Eagle County’s new tobacco tax goes into effect in the new year

Tax estimated to bring in $1 million next year for cessation, youth outreach and other programs

It will cost $4 more per pack to buy cigarettes in Eagle County beginning Jan. 1 and officials hope the price will be a big motivator to get people to quit using tobacco and nicotine products.
Special to the Daily

EAGLE COUNTY — Starting Wednesday, it’s going to cost a lot more to purchase cigarettes and other tobacco products in Eagle County.

The county’s voter-approved tobacco-nicotine product tax will go into effect on Jan. 1. The tax will be charged by retailers who are located in unincorporated areas of the county. If a retailer is located within a municipality and that town has already enacted a tobacco-nicotine sales tax, the municipal charge will be imposed rather than the county charge. If a municipality has not enacted a tax, the county tax will be imposed.

With collections set to begin, Eagle County officials are still working on their plans for how to allocate the money. Earlier this month the Eagle County commissioners gathered for a special work session to discuss the issue.

“As of right now, we are anticipating collections of $1 million in tobacco tax in 2020. That is our best guess,” said Rebecca Larson, deputy director of Eagle County Public Health and Environment. “It is probably a conservative guess.”

Cessation priority

County officials have been outspoken about their ideal scenario for the tobacco tax funding. They hope that 2020 marks the highest tax collection because the ultimate goal isn’t to bring in money — but rather to get people to stop using tobacco and nicotine products.

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In that vein, the majority of the anticipated tax funding will be allocated to cessation efforts.

Larson noted that county representatives have begun discussions with various community groups to formulate the cessation effort. She noted that local governments will have to do the heavy lifting.

“The state really hasn’t done a great job around awareness in rural Colorado areas,” Larson said. “Many of our residents aren’t even aware there are resources available to them or what that means.”

Colorado operates a tobacco-nicotine quitline program and Larson noted some of the tax funding will be allocated to make sure residents are aware of that service. The county will allocate $250,000 toward cessation awareness with projects including ECO bus wraps and a media campaign.

Youth outreach

The growing popularity of vaping among local teens was a major impetus for the tobacco tax effort. Correspondingly, a good chunk of the anticipated funding will go to youth services.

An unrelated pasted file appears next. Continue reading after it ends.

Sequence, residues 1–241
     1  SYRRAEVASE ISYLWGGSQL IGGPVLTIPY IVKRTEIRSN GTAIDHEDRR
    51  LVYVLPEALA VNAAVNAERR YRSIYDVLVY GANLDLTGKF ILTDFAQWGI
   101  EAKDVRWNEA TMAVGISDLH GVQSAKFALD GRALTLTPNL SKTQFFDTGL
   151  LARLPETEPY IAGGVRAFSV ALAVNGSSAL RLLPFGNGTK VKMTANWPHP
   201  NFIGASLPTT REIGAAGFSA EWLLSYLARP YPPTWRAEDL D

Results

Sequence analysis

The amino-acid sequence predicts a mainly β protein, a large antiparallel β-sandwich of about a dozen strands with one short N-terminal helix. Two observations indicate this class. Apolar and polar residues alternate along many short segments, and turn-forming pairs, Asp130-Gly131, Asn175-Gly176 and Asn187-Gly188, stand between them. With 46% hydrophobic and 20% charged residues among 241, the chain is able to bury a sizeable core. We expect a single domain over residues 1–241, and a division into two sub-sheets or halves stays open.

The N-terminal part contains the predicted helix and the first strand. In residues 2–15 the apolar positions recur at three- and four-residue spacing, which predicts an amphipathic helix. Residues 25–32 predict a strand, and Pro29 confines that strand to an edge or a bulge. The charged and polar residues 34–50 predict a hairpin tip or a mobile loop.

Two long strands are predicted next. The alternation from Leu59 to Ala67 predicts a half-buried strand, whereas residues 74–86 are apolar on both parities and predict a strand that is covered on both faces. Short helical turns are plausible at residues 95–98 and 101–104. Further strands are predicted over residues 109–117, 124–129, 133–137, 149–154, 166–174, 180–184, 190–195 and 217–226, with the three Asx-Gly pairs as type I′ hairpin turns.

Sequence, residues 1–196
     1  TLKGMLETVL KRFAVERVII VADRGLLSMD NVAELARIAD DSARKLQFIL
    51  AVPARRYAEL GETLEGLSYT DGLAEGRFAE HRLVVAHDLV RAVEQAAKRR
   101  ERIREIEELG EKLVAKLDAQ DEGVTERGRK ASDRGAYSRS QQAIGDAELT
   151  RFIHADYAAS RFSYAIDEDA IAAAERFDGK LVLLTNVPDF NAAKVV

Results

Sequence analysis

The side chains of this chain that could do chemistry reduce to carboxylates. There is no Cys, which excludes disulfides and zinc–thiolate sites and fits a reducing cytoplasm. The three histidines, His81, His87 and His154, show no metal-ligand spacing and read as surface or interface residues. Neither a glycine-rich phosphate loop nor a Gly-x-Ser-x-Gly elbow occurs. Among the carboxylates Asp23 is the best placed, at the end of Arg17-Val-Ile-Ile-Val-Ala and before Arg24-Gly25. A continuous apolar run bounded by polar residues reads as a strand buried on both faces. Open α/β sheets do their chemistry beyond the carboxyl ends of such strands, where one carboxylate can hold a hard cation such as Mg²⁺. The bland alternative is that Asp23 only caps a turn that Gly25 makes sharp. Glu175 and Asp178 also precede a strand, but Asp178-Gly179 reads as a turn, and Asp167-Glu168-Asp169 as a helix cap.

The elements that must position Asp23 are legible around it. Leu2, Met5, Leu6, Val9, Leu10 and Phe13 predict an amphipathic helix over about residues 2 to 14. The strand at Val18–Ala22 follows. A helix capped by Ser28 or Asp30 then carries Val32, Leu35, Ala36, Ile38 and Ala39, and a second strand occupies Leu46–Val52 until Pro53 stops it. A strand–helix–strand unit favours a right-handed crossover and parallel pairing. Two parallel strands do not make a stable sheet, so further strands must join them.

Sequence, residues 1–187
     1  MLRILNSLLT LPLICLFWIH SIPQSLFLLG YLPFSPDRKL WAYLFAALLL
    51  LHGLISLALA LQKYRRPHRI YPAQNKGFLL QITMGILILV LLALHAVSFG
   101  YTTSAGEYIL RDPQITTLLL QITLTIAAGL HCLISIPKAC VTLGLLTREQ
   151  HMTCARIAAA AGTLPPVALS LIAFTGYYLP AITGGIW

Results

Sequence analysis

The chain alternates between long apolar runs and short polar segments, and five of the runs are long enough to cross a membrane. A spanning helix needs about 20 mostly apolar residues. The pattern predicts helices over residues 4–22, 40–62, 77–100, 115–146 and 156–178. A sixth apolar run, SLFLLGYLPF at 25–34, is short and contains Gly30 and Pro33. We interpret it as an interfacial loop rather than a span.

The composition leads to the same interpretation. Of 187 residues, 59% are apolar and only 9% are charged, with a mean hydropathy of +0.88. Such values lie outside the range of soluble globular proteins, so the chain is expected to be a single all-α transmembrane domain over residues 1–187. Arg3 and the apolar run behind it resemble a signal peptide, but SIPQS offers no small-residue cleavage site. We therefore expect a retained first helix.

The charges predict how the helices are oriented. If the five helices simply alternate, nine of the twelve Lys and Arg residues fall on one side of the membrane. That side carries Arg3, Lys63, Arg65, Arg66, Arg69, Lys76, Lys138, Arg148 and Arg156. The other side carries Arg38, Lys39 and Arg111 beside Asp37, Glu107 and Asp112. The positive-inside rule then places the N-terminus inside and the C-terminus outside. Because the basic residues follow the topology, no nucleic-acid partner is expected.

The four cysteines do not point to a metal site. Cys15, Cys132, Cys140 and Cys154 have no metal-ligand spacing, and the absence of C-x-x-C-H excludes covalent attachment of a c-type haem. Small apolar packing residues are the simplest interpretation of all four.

Nearly half — $400,000 — of the proposed budget has been earmarked for youth programs.

“This is something that everyone feels strongly about — let’s be thoughtful about the programs with youth,” Larson said.

Larson said the county hopes to work with school-based mental health counselors on its youth cessation efforts.

Mandy Ivanov, Eagle County health promotion coordinator, said one program will be a vaping device take-back campaign for local kids. Similar programs have been piloted on the Front Range.

“The theme is ‘Break up with Nic,'” Ivanov said. “It raises awareness for kids who do want to turn devices in, and then we have a way to dispose of devices safely.”

Once students hand in devices, they will be connected with quitline programming and local officials hope to launch peer support groups at both high schools. Kids who sign up for programs will have their names entered in a drawing to win prizes.

“That’s the bait for them to get the information,” Ivanov said.

Larson said the county will also partner with valley youth organizations to help leverage its cessation messages.

“There really isn’t a playbook for this, especially related to youth. We are all figuring it out as we go,” she said.

Commissioner Kathy Chandler-Henry asked if the programming will include family services.

“I was just thinking of the mom who testified (during county hearings prior to the tobacco tax election) and said she was looking at this as a discipline issue rather than an addiction issue. Understanding the dynamics of it for the family could be important,” said Chandler-Henry.

Ivanov noted that increased parent outreach is planned in the spring, with a bonus Eat Chat Parent session planned to focus on vaping. Additionally, Ivanov noted that local schools have embraced the idea that vaping incidents need to be approached as an addiction problem as well as a behavior issue.

As the new programming begins in 2020, Eagle County will have neighboring allies. Summit County, Pitkin County and Glenwood Springs will also institute programs next year.

“We are very excited about a unified campaign,” Larson said.


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